Florida Atlantic University has issued a formal apology for a lesson in which a professor had his students write Jesus' name on paper and stomp on it.
“This exercise will not be used again. The university holds dear its core values. We sincerely apologize for any offense this caused,” the multi-campus institution said in a prepared statement posted on its website.
It continued: “Florida Atlantic University respects all religions and welcomes people of all faiths, backgrounds and beliefs.”
The institution also said that “no students were forced to take part in the exercise” and “that no student has been expelled, suspended or disciplined by the University as a result of any activity that took place during this class.”
Charisma News and various outlets reported that Ryan Rotela had been suspended for refusing to participate in the assignment during an Intercultural Communications class.
“I'm not going to be sitting in a class having my religious rights desecrated,” Rotela told WPEC. “I truly see this as I'm being punished.”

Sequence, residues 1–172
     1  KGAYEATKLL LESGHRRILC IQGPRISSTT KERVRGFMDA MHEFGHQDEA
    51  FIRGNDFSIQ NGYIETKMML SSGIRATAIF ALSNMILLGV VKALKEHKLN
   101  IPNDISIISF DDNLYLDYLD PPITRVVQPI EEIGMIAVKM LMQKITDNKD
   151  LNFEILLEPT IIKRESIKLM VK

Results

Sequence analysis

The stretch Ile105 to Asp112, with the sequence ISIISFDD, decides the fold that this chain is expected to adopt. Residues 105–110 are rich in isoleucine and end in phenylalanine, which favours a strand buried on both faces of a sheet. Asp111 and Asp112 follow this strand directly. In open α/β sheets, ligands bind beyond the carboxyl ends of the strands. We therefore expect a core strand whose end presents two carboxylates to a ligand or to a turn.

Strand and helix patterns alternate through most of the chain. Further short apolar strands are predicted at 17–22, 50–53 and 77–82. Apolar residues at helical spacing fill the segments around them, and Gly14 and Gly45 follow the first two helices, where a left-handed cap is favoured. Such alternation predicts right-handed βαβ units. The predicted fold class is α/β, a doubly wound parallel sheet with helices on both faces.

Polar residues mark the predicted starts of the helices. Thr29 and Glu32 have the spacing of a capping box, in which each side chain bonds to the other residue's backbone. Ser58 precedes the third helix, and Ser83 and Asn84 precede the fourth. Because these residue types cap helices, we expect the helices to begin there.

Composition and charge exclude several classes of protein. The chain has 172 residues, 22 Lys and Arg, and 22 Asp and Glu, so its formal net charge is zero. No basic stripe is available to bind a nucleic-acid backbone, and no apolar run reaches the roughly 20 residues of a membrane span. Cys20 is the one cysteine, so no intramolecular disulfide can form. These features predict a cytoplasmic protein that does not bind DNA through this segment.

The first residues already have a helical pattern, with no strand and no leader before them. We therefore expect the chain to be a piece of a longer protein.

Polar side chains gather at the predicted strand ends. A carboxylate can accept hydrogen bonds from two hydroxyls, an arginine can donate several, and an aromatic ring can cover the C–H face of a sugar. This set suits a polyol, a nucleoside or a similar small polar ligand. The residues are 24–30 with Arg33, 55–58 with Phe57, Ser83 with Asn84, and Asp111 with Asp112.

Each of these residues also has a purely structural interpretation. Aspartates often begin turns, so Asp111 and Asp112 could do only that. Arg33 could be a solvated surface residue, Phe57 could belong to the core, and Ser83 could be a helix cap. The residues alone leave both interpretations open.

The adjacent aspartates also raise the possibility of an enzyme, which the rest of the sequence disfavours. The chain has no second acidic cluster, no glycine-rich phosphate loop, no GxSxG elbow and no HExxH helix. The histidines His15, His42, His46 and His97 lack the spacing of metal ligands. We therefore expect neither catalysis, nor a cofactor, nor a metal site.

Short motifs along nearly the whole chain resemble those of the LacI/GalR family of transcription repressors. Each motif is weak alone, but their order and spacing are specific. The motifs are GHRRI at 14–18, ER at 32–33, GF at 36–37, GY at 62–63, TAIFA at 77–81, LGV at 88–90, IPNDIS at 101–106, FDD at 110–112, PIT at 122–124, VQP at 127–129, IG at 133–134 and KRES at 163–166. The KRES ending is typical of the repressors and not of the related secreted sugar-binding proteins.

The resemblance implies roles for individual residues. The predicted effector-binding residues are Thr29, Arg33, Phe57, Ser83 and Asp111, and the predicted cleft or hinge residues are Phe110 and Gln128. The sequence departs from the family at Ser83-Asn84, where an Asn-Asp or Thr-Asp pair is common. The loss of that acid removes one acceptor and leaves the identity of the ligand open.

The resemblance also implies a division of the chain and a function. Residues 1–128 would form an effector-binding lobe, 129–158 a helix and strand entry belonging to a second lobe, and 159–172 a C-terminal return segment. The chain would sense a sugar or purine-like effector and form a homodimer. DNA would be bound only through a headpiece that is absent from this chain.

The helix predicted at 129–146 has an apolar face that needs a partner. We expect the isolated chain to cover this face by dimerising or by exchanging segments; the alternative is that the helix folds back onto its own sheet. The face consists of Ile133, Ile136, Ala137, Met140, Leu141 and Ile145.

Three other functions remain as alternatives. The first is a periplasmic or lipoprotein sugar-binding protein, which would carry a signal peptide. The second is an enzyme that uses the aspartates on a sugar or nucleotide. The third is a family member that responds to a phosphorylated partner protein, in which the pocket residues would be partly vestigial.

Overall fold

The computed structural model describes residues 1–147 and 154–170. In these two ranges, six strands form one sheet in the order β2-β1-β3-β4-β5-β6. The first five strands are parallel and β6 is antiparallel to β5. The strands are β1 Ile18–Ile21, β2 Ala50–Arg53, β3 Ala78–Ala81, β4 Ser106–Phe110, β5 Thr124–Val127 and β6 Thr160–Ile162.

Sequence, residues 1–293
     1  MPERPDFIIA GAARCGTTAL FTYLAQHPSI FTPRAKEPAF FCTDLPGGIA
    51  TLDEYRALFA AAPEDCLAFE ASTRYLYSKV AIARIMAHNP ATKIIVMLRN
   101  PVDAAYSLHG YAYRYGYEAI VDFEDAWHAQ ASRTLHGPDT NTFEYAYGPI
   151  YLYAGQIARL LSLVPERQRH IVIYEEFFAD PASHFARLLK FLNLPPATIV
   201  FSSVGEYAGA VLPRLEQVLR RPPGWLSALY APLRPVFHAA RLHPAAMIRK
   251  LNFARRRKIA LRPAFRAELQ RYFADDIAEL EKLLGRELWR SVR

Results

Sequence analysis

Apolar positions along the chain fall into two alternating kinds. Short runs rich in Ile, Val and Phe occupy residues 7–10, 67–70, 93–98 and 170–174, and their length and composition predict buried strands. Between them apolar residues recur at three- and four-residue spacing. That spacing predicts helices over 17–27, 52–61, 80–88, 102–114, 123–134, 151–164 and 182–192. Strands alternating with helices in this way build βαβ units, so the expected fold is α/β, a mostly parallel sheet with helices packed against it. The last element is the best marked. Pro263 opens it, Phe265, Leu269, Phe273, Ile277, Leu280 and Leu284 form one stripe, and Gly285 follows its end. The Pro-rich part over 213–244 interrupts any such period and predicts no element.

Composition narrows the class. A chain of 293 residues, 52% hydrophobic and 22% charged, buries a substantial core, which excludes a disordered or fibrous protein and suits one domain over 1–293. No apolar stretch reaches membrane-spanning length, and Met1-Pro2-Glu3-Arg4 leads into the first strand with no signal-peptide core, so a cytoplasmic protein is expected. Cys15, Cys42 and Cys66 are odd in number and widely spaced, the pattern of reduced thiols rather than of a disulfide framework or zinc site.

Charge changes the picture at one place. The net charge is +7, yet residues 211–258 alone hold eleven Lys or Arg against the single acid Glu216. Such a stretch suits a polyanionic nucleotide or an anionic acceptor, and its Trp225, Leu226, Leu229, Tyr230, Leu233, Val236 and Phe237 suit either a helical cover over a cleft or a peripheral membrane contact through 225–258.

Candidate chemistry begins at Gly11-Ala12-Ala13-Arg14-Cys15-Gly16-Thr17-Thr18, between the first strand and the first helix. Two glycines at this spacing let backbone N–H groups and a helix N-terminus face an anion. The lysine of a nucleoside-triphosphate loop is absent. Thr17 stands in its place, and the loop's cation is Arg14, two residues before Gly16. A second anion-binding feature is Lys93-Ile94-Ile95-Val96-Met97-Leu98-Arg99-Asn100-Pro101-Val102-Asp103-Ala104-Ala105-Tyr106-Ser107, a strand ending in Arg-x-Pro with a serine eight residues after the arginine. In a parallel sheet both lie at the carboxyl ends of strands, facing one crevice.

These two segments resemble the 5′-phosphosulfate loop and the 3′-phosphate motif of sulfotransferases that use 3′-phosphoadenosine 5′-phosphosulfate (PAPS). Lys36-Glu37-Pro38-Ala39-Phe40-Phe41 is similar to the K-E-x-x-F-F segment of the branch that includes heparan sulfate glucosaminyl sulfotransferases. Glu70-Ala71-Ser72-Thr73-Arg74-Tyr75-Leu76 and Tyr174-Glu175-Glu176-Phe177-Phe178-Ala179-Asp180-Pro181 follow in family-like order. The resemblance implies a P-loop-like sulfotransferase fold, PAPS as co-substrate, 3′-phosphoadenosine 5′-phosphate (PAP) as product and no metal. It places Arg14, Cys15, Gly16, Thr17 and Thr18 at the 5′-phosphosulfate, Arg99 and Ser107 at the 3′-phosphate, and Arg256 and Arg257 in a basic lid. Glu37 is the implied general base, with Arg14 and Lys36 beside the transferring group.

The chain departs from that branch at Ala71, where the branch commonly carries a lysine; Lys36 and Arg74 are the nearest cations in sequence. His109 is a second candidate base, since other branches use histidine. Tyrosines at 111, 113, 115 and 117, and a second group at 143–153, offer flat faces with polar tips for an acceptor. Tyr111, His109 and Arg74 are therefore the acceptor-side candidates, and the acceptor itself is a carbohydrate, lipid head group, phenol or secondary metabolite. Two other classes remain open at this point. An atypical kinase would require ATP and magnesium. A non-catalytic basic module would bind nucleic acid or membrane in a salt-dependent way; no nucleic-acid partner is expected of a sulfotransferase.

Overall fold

Though the instructor was supposedly trying to teach the students “a lesson in debate,” the FAU junior found the assignment to be offensive and insulting.
“I said to the professor, 'With all due respect to your authority as a professor, I do not believe what you told us to do was appropriate,'” Rotela, a Mormon, explained. “'I believe it was unprofessional and I was deeply offended by what you told me to do.'”
Deandre Poole, the professor who oversaw the class, is unaffiliated with FAU. He is also chairman of the Palm Beach County Democratic Party. According to the group’s website, he is a member of Lighthouse Worship Center Church of God in Christ, Fort Lauderdale, where he belongs to the congregation's usher board.
Included in the textbook, Intercultural Communication: A Contextual Approach, 5th Edition, trampling on Jesus' name is actually an entire lesson.
“Have the students write the name JESUS in big letters on a piece of paper,” a synopsis for the lesson reads. “Ask the students to stand up and put the paper on the floor in front of them with the name facing up. Ask the students to think about it for a moment. After a brief period of silence instruct them to step on the paper. Most will hesitate. Ask why they can't step on the paper. Discuss the importance of symbols in culture.”